The games are frequently high-scoring because the number of players is reduced by more than the size of the field; thus, fast players usually find more open space to run within the field of play.

Some leagues, like the Sunday Football League in Grand Rapids, Michigan, have used nine-man football as a way of furthering their "Passion to Play". They play 16-game seasons and keep full statistics. Their format differs slightly in field size, but formations are similar with the exception of a "lurker" in the deep backfield. Typically, the lurker leads the team in interceptions and spies on the quarterback on deep passes.

In France, most competitions are played nine-man: games and leagues involving 19-year-old players or younger, division 3 (Le Casque d'Argent) and regional leagues. Blocking under the belt is strictly forbidden under nine-man French rules, but the field size remains the same as in standard 11-man American football.

The junior division (under 18s) of every state in Australia also play nine-man football. The game is played on a full-sized field, with modified timing rules (10-min quarters, running clock except the last 2 min of each half).

In Norway, division 1 games are traditional 11-man games, while division 2 games are nine-man football.

Italy, Poland and Argentina also have nine-man leagues.

In Germany, some lower youth classes play in nine-man leagues.

In Israel, the Israel Football League is a nine-man league.

Pass rush

On defense in American football, rushing is charging across the line of scrimmage towards the quarterback or kicker in the effort to stop or "sack" them. The purpose is tackling, hurrying or flushing the quarterback, or blocking or disrupting a kick. In both college and professional football, getting a strong pass rush is an important skill, as even an average quarterback can be productive if he has lots of time to find an open receiver, even against a good secondary. To increase pressure, teams will sometimes use a pass-rushing specialist, who is usually a quick defensive end or outside linebacker tasked with aggressively rushing the quarterback in obvious passing situations.One of the most effective methods of rushing the passer is by using a stunt or twist, which is when defensive players quickly change positions at the snap of the ball and engage a different blocker than the offense expected. Defenses typically task three or four defensive lineman to rush the passer on most plays, but most will occasionally increase pressure by blitzing one or more non-lineman at the quarterback when a pass play in anticipated.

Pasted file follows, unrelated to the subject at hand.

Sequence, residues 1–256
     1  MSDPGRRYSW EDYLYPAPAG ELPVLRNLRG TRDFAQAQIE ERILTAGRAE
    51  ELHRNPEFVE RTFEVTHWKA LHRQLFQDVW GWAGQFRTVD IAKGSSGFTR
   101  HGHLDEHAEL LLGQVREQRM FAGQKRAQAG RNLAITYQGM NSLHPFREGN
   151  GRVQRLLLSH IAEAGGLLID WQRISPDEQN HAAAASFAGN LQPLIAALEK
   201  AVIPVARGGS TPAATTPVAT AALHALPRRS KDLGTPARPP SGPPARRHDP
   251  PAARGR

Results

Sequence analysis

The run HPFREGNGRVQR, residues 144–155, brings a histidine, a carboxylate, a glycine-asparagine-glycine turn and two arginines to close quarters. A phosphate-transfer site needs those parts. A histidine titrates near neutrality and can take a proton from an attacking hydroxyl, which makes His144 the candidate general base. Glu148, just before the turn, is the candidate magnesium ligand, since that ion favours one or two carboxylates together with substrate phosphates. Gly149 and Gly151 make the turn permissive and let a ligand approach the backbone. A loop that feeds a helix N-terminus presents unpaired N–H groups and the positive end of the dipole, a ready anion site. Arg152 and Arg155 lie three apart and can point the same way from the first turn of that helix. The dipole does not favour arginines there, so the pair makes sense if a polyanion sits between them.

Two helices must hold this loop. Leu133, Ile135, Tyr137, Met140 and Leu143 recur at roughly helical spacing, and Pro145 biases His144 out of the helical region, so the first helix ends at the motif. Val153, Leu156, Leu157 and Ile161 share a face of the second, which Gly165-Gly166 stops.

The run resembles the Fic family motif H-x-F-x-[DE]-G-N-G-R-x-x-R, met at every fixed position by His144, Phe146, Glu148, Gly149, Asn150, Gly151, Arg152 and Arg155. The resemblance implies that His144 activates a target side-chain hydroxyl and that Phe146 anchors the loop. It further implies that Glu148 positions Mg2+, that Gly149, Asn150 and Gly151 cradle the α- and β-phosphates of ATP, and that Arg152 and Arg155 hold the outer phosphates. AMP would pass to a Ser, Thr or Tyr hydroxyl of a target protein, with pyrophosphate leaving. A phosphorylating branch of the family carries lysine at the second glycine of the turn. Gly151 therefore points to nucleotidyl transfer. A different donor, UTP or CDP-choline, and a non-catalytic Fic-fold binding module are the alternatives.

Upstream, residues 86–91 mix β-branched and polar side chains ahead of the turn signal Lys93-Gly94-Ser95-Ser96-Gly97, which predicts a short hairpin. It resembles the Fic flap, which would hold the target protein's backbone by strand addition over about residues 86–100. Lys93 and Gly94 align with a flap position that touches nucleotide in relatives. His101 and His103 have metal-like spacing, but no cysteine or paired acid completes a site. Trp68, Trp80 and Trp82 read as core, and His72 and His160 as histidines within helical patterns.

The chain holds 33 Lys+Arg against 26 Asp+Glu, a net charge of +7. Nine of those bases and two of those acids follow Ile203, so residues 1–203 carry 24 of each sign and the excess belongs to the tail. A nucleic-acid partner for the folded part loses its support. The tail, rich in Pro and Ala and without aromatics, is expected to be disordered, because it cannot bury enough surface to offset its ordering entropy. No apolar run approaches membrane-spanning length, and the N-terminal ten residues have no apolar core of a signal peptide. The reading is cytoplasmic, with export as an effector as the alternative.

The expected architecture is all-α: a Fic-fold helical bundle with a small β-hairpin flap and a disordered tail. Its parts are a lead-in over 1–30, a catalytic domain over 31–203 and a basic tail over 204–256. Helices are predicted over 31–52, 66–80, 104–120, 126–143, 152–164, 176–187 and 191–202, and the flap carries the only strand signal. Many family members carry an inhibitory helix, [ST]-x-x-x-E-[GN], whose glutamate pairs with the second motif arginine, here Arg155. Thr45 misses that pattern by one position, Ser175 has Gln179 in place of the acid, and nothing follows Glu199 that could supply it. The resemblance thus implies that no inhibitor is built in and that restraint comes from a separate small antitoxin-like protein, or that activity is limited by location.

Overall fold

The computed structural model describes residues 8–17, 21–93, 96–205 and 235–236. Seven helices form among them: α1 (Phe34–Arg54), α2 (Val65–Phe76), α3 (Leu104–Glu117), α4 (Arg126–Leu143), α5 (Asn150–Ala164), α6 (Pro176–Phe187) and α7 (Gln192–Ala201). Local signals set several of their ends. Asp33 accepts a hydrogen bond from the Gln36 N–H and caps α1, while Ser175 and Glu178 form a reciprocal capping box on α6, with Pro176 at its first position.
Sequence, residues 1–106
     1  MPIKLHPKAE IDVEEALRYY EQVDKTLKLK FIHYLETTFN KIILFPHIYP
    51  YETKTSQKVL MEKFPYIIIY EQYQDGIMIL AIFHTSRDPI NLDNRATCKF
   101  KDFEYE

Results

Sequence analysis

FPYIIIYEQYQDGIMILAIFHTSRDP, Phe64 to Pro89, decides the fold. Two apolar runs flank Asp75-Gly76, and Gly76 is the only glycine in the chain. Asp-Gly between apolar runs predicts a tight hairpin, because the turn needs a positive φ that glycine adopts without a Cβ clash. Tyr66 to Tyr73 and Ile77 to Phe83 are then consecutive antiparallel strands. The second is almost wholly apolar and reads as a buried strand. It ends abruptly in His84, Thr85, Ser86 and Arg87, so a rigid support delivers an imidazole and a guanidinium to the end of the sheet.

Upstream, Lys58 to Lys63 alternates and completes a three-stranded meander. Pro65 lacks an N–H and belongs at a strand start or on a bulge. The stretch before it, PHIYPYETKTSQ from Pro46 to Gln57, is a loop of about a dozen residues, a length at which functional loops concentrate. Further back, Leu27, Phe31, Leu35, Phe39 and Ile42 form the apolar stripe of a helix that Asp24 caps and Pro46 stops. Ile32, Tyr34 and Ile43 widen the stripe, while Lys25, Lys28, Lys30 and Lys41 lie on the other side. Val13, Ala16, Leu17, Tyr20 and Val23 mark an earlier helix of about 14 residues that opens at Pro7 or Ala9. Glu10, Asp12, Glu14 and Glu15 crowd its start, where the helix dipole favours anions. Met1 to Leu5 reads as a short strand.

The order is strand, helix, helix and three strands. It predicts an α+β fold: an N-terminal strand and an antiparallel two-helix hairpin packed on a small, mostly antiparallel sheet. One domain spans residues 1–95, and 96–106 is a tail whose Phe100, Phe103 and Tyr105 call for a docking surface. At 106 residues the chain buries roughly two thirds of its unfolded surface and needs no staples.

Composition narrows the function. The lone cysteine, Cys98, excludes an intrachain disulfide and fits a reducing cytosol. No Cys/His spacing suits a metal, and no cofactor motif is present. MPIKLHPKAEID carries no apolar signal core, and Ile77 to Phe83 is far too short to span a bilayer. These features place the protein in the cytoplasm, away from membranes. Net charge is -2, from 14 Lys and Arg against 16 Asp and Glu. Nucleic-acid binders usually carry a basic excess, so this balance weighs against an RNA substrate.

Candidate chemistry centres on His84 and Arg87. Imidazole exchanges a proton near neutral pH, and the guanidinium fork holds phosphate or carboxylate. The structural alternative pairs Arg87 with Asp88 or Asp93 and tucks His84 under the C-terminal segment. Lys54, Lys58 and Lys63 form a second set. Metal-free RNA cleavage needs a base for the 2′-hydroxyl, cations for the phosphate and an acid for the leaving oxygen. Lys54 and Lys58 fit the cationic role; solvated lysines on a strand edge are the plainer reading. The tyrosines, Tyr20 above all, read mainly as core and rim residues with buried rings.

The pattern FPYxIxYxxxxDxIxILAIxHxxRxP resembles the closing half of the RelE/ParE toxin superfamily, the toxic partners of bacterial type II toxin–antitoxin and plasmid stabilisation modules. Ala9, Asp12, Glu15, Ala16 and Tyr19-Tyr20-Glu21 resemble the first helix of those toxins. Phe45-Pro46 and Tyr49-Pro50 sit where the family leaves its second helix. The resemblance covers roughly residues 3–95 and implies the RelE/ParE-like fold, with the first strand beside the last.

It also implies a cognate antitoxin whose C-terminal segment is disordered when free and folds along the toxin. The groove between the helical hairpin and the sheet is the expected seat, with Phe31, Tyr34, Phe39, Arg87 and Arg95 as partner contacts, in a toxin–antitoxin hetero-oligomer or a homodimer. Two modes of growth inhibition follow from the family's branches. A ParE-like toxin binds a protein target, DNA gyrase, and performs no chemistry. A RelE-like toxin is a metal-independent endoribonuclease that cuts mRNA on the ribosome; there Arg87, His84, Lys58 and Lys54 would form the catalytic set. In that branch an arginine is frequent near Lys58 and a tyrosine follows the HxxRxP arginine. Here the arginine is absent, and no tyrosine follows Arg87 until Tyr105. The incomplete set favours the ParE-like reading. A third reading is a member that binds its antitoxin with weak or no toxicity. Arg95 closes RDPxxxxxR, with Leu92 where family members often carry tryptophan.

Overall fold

A pass rush can be effective even if it does not sack the quarterback if it forces the passer to get rid of the ball before he wanted to, resulting in an incomplete pass or interception. To attack a strong pass rush, offenses can throw quicker short passes or run draw plays or screen passes, which are design to lure defenders into the offensive backfield and then quickly get a ball carrier behind them.

Running back

A running back (RB) is an American and Canadian football position, a member of the offensive backfield. The primary roles of a running back are to receive handoffs from the quarterback for a rushing play, to catch passes from out of the backfield, and to block. There are usually one or two running backs on the field for a given play, depending on the offensive formation. A running back may be a halfback (in certain contexts also referred to as a tailback), a wingback or a fullback. A running back will sometimes be called a "feature back" if he is the team's starting running back.